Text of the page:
My Secret Life as a Spaghetti Coder
home | about | contact | privacy statement
This week's advice from MJWTI deals with making the "boring" tasks in software development more exciting (in the chapter, "How Good A Job Can I Do Today?")

Chad notes that although "it's rewarding to do a good job and to be appreciated," most time, "we allow ourselves to be extremely selective about where and when we really go out of our way to excel."

So, if the Pareto principle applies here, how can we make the 80% boring work be more like the exciting 20%, and go all out, doing our best?

Chad suggests making it a competition with yourself:
What if you tried to do the boring stuff perfectly?
Or, if you want to get competitive with your teammates,
Turn those boring tasks into a competition with your co-workers. See who can do them better... Keep a scoreboard for the whole team. Compete for bragging rights (or even prizes). At the end of a project, arrange for the winner to have his or her grunt work done by the rest of the team for a whole week.
Would that help? I've already resolved to do the boring work with a smile, but something like that might help the smile not feel forced.

What do you think?

Hey! Why don't you make your life easier and subscribe to the full post or short blurb RSS feed? I'm so confident you'll love my smelly pasta plate wisdom that I'm offering a no-strings-attached, lifetime money back guarantee!

Leave a comment

I find it interesting that lots of people write about how to produce clean code, how to do good design, taking care about language choice, interfaces, etc, but few people write about the cases where there isn't time. I've really been trying to improve over the past >7 years and I consider the poor maintainter who will come after me, but I now seem to have a reputation as a perfectionist, usually in a negative sense. So, I need to know what are the forces that tell you to use a jolly good bodge? And when that isn't abuse. {A search for [bodge pattern] turns up several items...about knitting. :-)}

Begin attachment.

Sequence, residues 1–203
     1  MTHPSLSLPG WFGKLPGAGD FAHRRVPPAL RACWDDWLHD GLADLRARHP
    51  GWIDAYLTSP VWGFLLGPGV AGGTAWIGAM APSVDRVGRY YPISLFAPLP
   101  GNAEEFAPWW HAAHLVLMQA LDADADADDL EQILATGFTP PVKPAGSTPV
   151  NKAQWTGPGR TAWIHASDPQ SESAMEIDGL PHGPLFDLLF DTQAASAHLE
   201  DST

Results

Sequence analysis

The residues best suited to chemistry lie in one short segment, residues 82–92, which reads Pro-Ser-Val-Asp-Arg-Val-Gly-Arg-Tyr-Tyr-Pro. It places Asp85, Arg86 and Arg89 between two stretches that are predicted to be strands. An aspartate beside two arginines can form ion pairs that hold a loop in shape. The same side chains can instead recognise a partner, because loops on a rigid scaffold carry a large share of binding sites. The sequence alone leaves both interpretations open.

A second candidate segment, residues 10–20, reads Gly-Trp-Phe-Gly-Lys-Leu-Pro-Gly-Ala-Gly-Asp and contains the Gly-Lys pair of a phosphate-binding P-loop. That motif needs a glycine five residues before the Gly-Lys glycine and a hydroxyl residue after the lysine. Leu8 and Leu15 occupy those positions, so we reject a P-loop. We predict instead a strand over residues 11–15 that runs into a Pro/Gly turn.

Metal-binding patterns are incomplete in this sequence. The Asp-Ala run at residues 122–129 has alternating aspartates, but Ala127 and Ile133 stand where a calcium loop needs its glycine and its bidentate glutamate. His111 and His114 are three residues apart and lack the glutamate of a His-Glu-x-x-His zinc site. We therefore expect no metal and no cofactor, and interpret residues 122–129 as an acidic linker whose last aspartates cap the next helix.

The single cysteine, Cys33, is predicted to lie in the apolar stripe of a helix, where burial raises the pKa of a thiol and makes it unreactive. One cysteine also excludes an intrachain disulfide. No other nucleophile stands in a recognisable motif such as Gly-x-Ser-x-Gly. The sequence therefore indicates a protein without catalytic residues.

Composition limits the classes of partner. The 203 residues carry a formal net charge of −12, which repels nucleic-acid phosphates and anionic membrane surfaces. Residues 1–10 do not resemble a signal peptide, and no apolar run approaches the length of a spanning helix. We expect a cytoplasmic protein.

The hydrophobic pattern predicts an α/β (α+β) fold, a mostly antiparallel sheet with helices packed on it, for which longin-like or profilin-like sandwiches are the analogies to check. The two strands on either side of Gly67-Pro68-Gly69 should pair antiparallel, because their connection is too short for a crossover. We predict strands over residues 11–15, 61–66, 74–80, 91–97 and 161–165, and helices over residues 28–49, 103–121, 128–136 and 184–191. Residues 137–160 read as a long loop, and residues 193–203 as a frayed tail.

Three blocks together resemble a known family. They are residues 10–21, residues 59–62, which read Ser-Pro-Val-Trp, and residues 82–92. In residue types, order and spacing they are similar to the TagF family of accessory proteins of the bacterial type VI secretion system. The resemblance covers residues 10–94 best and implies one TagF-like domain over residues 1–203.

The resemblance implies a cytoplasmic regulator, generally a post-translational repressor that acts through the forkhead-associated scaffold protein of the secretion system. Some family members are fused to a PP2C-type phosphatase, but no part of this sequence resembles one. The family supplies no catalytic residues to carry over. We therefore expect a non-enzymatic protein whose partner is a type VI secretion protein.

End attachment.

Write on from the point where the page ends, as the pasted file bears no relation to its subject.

Posted by hgs on Feb 15, 2008 at 10:38 AM UTC - 5 hrs

To make "boring" tasks more exciting, you could always take the extra step to try and automate them, if it applies.

Posted by JAlpino on Feb 15, 2008 at 11:34 AM UTC - 5 hrs

@JAlpino - Good point!

@hgs: I think that's an interesting question and I started to write a response here, but I want to give it a bit more thought and throw it out there on Monday. I'll post the link here when I've done it.

Posted by Sammy Larbi on Feb 15, 2008 at 02:11 PM UTC - 5 hrs

Thank you. I suppose being better at applying YAGNI may be part of the answer, but hopefully you've seen what I'm driving at, even if I can't express it well. I'll look forward to your thoughts.

Posted by hgs on Feb 15, 2008 at 02:21 PM UTC - 5 hrs

Leave a comment

Leave this field empty
Your Name
Email (not displayed, more info?)


Subcribe to this comment thread
Remember my details

Picture of me

.NET (19)
AI/Machine Learning (14)
Answers To 100 Interview Questions (10)
Bioinformatics (2)
Business (1)
C and Cplusplus (6)
cfrails (22)
ColdFusion (78)
Customer Relations (15)
Databases (3)
DRY (18)
DSLs (11)
Future Tech (5)
Games (5)
Groovy/Grails (8)
Hardware (1)
IDEs (9)
Java (38)
JavaScript (4)
Linux (2)
Lisp (1)
Mac OS (4)
Management (15)
MediaServerX (1)
Miscellany (76)
OOAD (37)
Productivity (11)
Programming (168)
Programming Quotables (9)
Rails (31)
Ruby (67)
Save Your Job (58)
scriptaGulous (4)
Software Development Process (23)
TDD (41)
TDDing xorblog (6)
Tools (5)
Web Development (8)
Windows (1)
With (1)
YAGNI (10)

Agile Manifesto & Principles
Principles Of OOD
Ruby on Rails

RSS 2.0: Full Post | Short Blurb
Subscribe by email:

Delivered by FeedBurner